"From Fiber to Fabric: Uncovering the Handweaving Process" opens May 9, 2009.
The exhibit features the Lincoln Log Cabin coverlet and weaving tools collection.
A traveling portion of this exhibit will be available in Spring 2010 for schools and institutions to use. If you are interested in hosting this exhibit, please contact:
Site Superintendent: Matthew Mittelstaedt
From the Curators...
We invite you to view the processes used to transform fiber into articles of usefulness and beauty, as practiced by the settlers of this area in the mid-nineteenth century.
The weaving process involved the entire family. Even children worked as soon as they could pick and card the wool and help with setting the loom. The mysteries of weaving—of warp and weft, of heddle and shuttle—carried on for long hours in order to produce the simple fabrics needed to clothe members of the family and provide material for basic utilitarian purposes.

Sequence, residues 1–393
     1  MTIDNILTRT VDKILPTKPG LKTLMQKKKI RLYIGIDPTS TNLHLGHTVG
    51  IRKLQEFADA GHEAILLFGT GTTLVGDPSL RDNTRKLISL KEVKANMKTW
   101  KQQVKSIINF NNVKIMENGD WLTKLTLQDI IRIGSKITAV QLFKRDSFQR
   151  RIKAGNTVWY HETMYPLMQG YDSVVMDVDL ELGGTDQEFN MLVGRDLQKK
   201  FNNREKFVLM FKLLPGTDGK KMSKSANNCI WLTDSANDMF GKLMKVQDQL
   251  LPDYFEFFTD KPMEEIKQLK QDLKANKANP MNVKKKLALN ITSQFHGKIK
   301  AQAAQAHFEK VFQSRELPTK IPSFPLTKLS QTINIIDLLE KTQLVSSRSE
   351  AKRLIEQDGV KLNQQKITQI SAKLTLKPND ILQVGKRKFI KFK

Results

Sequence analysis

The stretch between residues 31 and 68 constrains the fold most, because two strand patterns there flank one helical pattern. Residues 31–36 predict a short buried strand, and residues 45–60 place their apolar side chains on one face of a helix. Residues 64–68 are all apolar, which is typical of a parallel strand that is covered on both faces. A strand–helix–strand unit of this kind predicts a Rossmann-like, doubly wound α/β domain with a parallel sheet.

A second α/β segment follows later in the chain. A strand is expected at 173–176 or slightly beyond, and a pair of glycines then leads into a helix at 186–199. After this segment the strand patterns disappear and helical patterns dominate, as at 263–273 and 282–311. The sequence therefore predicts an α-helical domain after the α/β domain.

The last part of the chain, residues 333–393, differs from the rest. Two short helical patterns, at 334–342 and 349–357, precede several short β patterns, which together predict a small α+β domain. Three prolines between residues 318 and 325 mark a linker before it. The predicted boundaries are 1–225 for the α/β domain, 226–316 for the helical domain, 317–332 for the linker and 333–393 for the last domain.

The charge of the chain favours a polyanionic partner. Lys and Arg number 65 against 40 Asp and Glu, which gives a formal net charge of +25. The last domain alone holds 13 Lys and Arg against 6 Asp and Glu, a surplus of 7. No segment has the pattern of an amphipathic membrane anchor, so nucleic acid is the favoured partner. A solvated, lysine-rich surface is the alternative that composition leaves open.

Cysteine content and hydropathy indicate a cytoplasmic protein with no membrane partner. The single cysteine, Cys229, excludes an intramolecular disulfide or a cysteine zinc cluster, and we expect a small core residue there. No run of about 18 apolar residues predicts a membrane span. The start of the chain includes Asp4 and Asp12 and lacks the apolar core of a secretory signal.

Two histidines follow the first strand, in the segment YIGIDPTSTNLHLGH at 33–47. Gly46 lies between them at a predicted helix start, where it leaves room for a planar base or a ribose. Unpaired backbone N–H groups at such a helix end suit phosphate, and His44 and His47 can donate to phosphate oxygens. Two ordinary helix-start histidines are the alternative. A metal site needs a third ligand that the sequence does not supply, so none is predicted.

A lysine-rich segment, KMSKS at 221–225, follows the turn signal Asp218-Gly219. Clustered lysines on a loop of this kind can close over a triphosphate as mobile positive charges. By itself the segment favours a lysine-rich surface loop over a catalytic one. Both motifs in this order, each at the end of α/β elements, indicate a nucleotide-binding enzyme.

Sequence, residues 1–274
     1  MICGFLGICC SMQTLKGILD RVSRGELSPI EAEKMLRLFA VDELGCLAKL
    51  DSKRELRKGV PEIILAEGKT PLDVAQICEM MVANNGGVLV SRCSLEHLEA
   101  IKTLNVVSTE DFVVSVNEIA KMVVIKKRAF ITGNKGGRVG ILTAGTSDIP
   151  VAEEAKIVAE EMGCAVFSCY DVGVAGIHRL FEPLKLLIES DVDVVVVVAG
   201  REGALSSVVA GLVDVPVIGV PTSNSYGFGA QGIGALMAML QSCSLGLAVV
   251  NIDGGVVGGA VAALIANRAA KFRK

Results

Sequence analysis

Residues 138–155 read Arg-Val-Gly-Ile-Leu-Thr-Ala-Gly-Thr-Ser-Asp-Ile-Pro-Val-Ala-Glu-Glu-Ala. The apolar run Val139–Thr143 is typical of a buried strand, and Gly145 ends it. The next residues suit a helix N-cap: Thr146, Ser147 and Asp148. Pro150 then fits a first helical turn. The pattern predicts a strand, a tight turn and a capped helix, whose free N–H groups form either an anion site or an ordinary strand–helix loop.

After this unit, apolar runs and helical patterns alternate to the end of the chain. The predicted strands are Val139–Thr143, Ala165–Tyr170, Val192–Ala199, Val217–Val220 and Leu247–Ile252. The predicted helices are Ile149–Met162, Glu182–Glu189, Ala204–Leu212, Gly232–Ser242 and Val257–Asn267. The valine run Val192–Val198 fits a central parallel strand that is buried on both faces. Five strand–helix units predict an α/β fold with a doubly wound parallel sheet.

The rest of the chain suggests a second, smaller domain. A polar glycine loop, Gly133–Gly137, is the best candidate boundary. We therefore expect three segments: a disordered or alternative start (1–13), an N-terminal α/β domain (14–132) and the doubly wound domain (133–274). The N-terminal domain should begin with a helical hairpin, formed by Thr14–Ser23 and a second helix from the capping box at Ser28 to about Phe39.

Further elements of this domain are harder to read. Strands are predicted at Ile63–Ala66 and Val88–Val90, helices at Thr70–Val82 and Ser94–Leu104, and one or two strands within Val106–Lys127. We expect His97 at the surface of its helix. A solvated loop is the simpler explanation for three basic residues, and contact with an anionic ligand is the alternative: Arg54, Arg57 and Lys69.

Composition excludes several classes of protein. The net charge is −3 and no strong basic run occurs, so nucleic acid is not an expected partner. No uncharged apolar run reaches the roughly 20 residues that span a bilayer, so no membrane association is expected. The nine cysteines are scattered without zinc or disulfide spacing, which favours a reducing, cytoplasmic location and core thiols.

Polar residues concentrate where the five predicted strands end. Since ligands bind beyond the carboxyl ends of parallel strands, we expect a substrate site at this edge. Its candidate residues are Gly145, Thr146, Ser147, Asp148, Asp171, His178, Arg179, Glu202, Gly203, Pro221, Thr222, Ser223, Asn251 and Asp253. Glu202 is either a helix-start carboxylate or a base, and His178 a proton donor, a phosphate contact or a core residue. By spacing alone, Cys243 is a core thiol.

Not all families had looms and weavers. Those who did helped others in their community, in addition to completing their own projects. Weaving patterns, in the form of drafts, passed between weavers and ensured the survival of designs over time.
The sharing of patterns and the joy of weaving continues today as weavers join local weaving guilds. Classes are also available at universities, weaving schools, and from individual weavers.
We hope you enjoy this exhibit. Maybe you, too, will be inspired to learn and enjoy the art of transforming fiber into fabric.